The notion that coupons don’t work with Latinos has been one of those unquestioned truths of Hispanic marketing. Any time clients asked their agencies about Hispanics and coupons, you could expect the same kind of answer: those two don’t match.
On the other hand, some direct marketing professionals – especially in the past few years – have been trying to correct that notion. As Vincent Andaloro, president of Latin-Pak says, as cited by Promo Magazine, “If advertisers would spend more money on coupons they would reach more Hispanic consumers…”
The Latin American Heritage
Historically, coupons have never been a big deal in Latin America. According to Nielsen, only 15 percent of consumers in Latin America use coupons versus 67 percent of respondents in the United States.
This lack of “cultural heritage” in terms of coupons definitely affects Latinos living in the U.S. If you take a look at country of origin, the fact that Puerto Ricans and Cubans are more familiar with coupons and use them more often than Mexican Americans, for example, reinforces this notion.
Other factors that contribute to low coupon adoption among Latinos are:
- Lack of familiarity with the redemption process
- Coupons normally not promoting products that Latinos prefer
- Shame of being perceived as poor
This last one is part of the cultural barrier. Some Latinos tend to feel ashamed to use coupons in public: they fear giving others the impression that they don’t have enough money to buy a product.
Although Latinos are less likely than non-Hispanics to use any kind of coupon, the difference is even bigger in terms of using coupons at restaurants, fast food chains, and supermarkets (Simmons 2011). Using coupons at a discount store is not an issue (everyone is there to save money), but other social places like restaurants are more “embarrassing.”
The Dynamic of Coupons
It’s been said that economy plays an important role in the acculturation process; and this is truer of the recession. Google Insights for Search shows that the number of searches for “cupones” (the Spanish word for coupon) has increased significantly at the end of 2007 and during 2008/2009.
The recession has redefined value. For Latinos, value now equals “smart shopper.” Latinos have started to use more coupons: 51 percent, according to a study by Synovate. Yet, African Americans’ use of coupons grew at a higher rate. Hispanics increased their visits to mass merchandisers or delayed purchases until a specific product was on sale.
In terms of coupons, not all categories were impacted the same way: apparel and personal care performed better than groceries.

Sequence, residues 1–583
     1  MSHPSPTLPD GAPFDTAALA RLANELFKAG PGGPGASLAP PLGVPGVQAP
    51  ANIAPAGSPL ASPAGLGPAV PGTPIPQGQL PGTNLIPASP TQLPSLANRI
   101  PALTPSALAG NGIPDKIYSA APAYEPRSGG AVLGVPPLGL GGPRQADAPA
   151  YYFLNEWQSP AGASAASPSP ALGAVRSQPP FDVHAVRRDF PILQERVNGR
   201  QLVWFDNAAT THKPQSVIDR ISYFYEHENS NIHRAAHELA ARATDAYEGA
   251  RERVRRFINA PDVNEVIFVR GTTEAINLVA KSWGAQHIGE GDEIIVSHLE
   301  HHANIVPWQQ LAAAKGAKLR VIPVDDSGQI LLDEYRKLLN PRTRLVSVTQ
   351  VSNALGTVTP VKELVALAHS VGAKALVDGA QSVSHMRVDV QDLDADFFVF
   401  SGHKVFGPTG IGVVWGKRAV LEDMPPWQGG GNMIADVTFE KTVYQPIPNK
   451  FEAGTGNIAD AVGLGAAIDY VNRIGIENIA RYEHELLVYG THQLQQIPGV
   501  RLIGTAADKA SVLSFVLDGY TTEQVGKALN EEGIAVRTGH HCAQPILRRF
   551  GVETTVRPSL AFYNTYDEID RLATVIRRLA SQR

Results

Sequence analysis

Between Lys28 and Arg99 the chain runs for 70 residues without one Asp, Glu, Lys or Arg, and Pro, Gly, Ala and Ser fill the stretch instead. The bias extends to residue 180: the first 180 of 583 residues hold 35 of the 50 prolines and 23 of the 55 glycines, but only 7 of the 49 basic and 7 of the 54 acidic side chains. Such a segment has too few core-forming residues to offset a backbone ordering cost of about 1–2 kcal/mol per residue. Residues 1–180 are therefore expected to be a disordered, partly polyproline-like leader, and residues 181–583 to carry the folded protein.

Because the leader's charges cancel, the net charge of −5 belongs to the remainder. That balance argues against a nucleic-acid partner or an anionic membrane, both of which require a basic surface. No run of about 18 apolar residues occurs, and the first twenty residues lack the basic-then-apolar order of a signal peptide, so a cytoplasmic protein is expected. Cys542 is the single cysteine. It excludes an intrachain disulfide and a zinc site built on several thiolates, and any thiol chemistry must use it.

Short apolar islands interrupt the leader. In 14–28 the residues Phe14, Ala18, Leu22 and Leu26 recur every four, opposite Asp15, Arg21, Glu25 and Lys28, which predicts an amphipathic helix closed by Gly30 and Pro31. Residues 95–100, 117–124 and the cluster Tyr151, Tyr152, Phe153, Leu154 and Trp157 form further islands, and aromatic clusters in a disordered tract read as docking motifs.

Yoly Mason, editor of Cuponeando.net agrees: “In my experience, Latina moms are more comfortable using coupons for their kids’ clothing purchases. It seems to me that in a mall/retail store setting, the use of coupons is more acceptable.”
Coupons in an Immaterial World
The explosion of both mobile and social media among Hispanics has accelerated the use of “digital” coupons. As I discussed in previous columns, the digital divide is turning into digital leadership, and Latinos overindex in mobile coupons as you can see in the chart below.
Overall, Hispanic moms are two and a half times more likely to use mobile coupons than their non-Hispanic counterparts, according to comScore. On the other hand, Hispanics underindex in using deal sites like Groupon or LivingSocial, representing an interesting opportunity.
DescuentoLibre.com understands that and has a more targeted approach with products that are more relevant to Latinos than the typical Groupon and LivingSocial offers. While Groupon focuses on new adventures like skydiving or Ethiopian food, deals on Descuento Libre are much more likely to involve family activities and household necessities, as cited in gigaom.com.
Another important factor is the intersection between the material and immaterial worlds: printing coupons is both an obstacle and an opportunity. “In this digital age, we are so used to smartphones and being paper-less that we tend to forget that some of the best savings we can obtain is by printing coupons at home,” adds Yoly Mason.
Mobile Couponing in the Privacy of a Hand
As stated before, there’s no consensus among professionals when it comes to Latinos and the use of coupons. We are seeing increased usage, and the growth of both mobile and social media is expanding the opportunities.
Having the ability to get coupons at a fingertip seems to be working pretty good for Latinos. And the notion that it’s more private (not as embarrassing as with traditional coupons) doesn’t hurt either, in this tale of two worlds.